Nigerian celebrity gay activist Bisi Alimi shares interesting journey to fatherhood

Bisi Alimi, a popular Nigerian gay right activist, has taken to micro-blogging platform, Twitter to share his interesting journey to fatherhood.

Bisi, who married Anthony Davis in 2016, took to his social media space to reveal that he’s about to adopt a child with his husband and he opened up about the process.

He disclosed the conversation he had with his husband, the concerns he had about his child or children being accepted by his Nigerian family who are not so tolerant of his sexuality, and also the conversation he had with his husband’s mother.

Speaking about his husband’s mother, he explained that when they told her they were in the process of adopting a child, the woman who has two other children who do not want kids, said: ” Who would have thought that it is the gay that will give me grandchildren.”

Bisi said he is meeting his case worker this week for home inspection after he and his husband moved to a larger home in preparation for their larger family.

He added that he and his husband can’t wait to meet their “kids”.

Our journey to adoption; a 🧵
2yrs ago, husband and I after several weeks of deliberation decided to adopt. There are options opened to us, including surrogacy.

When we met we actually said if we don’t have a child/children by the time we are….

45years we should forget it. On the eve of my 45th birthday, we had the conversation again and this time there was still that nagging question, biological children or adoption or a mixture of both.

We have few friends offering to help, but we also have many people….
Asking us for help. However, there is a bigger issue, as a Black Africa man and listening to conversations about adoption and adopted children while growing up in Nigeria, I was not sure if adoption will “other”my children. As a gay man, I am already dealing with bullshit

One day at an event in the city, I met a very nice mid-career Black gay man, let’s call him Tom. We were just the two Black gay men at the event. I guess that made us connect even more

Tom and I got so close after months of chatting and meeting for drinks. He told me about his husband and children and how wonderful they all are, but he didn’t tell me two things.

After we became really close, I asked about his children and that we have been considering expanding our family and not sure if we should adopt or go the surrogacy way.
Then he opened up to me; it was not just that Tom’s two sons are adopted, he was also adopted and has become a very strong advocate for encouraging Black queer families to adopt.
I rushed home and told my husband about this, this chat with Tom helped but still leaves room for more questions. I guess the biggest was “what will my family say?” These are group of people who already came to the conclusion I am a disappointment.

I know I can deal with their hate, but am I at the point where my children can see their grandparents? Will I be comfortable to introduce them to their cousins, aunties and uncles?
I don’t want to raise my kids away from my history, my journey, my truth. I want them to know me and be proud of me, but I also don’t want to expose them to people questioning them.
After many thoughts and support from many close friends, husband and I decided to adopt, and this means we have to open ourselves up to scrutiny. Everyone told us to be ready for the invasion of our privacy by the state.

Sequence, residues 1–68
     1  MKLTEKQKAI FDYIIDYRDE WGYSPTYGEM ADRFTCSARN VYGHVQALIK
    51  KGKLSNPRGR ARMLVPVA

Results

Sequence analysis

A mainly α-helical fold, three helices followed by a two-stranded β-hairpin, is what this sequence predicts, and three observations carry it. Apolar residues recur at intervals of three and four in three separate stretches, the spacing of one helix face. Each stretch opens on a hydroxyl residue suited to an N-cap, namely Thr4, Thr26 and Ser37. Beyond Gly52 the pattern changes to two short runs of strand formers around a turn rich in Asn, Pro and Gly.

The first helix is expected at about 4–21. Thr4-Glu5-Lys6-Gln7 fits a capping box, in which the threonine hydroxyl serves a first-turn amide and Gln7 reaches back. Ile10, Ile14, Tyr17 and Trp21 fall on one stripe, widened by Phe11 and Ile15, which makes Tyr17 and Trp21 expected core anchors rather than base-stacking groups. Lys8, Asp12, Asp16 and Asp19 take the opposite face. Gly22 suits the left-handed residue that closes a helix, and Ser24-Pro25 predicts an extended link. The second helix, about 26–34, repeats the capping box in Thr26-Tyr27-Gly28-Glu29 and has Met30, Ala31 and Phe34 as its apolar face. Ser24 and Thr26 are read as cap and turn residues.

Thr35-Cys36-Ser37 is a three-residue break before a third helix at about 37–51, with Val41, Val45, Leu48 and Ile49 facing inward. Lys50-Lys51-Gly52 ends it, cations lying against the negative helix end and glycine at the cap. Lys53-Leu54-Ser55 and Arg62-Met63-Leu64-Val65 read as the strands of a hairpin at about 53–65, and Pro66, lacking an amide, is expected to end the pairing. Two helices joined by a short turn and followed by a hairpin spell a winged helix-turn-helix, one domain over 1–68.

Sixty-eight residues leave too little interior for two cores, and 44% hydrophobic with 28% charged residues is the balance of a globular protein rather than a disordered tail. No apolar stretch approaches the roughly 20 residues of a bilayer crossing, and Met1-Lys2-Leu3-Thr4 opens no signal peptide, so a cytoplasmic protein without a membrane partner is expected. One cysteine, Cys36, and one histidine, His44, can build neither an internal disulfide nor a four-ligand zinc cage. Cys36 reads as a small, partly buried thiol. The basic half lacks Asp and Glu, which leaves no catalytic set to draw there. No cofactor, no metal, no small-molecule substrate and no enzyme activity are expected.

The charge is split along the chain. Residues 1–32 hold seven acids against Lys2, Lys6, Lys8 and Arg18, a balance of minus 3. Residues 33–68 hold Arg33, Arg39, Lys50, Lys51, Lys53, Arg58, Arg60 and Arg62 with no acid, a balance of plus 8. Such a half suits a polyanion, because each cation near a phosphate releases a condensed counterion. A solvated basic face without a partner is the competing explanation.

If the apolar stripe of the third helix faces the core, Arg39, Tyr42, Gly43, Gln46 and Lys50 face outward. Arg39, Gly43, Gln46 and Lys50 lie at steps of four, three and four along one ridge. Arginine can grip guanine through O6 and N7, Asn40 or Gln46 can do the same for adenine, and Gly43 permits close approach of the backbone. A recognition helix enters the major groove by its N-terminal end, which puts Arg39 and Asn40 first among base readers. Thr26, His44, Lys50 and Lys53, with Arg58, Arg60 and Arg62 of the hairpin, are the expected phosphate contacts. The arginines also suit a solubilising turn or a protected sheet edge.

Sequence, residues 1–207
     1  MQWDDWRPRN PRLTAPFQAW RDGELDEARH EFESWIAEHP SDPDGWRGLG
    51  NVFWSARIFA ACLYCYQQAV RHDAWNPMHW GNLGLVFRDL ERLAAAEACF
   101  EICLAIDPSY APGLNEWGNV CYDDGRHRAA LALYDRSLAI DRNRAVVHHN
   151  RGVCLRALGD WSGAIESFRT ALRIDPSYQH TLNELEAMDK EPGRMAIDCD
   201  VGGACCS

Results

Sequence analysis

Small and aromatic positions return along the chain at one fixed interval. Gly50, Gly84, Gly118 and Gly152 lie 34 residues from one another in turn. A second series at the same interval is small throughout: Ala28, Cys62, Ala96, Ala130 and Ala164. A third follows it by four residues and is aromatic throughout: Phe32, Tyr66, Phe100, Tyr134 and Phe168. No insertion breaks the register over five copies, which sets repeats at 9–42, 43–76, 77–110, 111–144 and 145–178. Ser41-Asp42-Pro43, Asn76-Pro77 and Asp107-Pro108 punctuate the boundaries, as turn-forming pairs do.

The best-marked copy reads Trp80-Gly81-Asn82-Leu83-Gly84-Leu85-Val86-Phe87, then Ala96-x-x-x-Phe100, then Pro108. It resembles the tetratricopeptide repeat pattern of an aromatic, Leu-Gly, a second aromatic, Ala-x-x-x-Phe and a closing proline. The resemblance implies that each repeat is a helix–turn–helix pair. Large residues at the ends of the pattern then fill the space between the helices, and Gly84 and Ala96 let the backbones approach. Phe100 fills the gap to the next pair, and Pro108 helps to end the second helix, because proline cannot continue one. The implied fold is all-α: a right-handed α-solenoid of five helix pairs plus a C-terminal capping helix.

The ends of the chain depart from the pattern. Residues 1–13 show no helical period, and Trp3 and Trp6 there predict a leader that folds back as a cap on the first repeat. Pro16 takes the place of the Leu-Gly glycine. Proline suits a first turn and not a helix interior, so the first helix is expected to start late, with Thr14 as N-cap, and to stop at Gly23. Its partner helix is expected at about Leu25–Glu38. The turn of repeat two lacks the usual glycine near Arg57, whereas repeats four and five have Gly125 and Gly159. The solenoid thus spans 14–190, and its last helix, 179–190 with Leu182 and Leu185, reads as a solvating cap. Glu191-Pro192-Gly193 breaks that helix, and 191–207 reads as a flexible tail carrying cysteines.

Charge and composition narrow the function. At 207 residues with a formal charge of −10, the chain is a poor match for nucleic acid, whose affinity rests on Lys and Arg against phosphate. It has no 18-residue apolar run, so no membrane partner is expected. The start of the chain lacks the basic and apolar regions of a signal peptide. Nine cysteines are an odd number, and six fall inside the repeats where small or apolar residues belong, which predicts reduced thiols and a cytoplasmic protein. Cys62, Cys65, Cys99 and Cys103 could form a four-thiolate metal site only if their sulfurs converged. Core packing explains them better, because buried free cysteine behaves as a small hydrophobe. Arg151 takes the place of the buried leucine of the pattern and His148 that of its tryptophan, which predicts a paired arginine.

We wrote to @adoptlondonuk and within few days got a reply and were invited for few sessions. After that we had to make up our mind if this is what we wanted.

By this time I was moving really fast to 46, and then my husband for no reason suddenly developed cold feet, he became scared and thought it was a bad idea; we are two very busy people, we can’t make this work.
I am also a man of little faith, I wanted him to give me reasons why we shouldn’t do this and I will jump on it, and he did. But the funny thing is. We did too late.

There was also the question around age, if we are going to adopt, I wanted a baby or a toddler as I am very nurturing but husband wants slightly grown up.
While we were thinking about this, we told my mother-in-law who lives in Australia. Well, the thing is, she has three kids, my husband being the first. The other two, a boy and a girl have made it very clear, they don’t want kids

The announcement that we are thinking of having kids got my mother in law excited and over the moon, I still remember clearly what she said “who would have thought that it is the gay that will give me grandchildren”

We had a good laugh over that, but we also silently live with the guilt of not delivering and how disappointed she will be. We reached out to Tom who by now is our adoption mentor.

Few days after the chat with Tom, we wrote to the agency saying we want to do this. We were sent forms and all to fill, and we did. Few weeks back, we got the email assigning our case worker to us. We were over the moon.
This week we will meet our case worker for home inspection. Just to be clear, we had to buy a new house so we can have a bigger space for our kids
Why am I sharing this? To be honest I have no clue, I am just sitting here having dinner and thinking about this and getting really excited and teary and maybe this is just my own way of therapy and support.
As a gay man from Nigeria, I never thought I could find love, marry, and now about to be a father without having to at any point deny who I am or lie to anyone.

To the baby on the way, dads can’t wait. To people looking to adopt, please do it. To Black Africans in the U.K. there are many Black kids looking for forever home, we should stop allowing tradition to deny them of that joy
We are the one that can change this blockage culture and tradition is causing for Black kids and keeping them in a system of care that do them no good.

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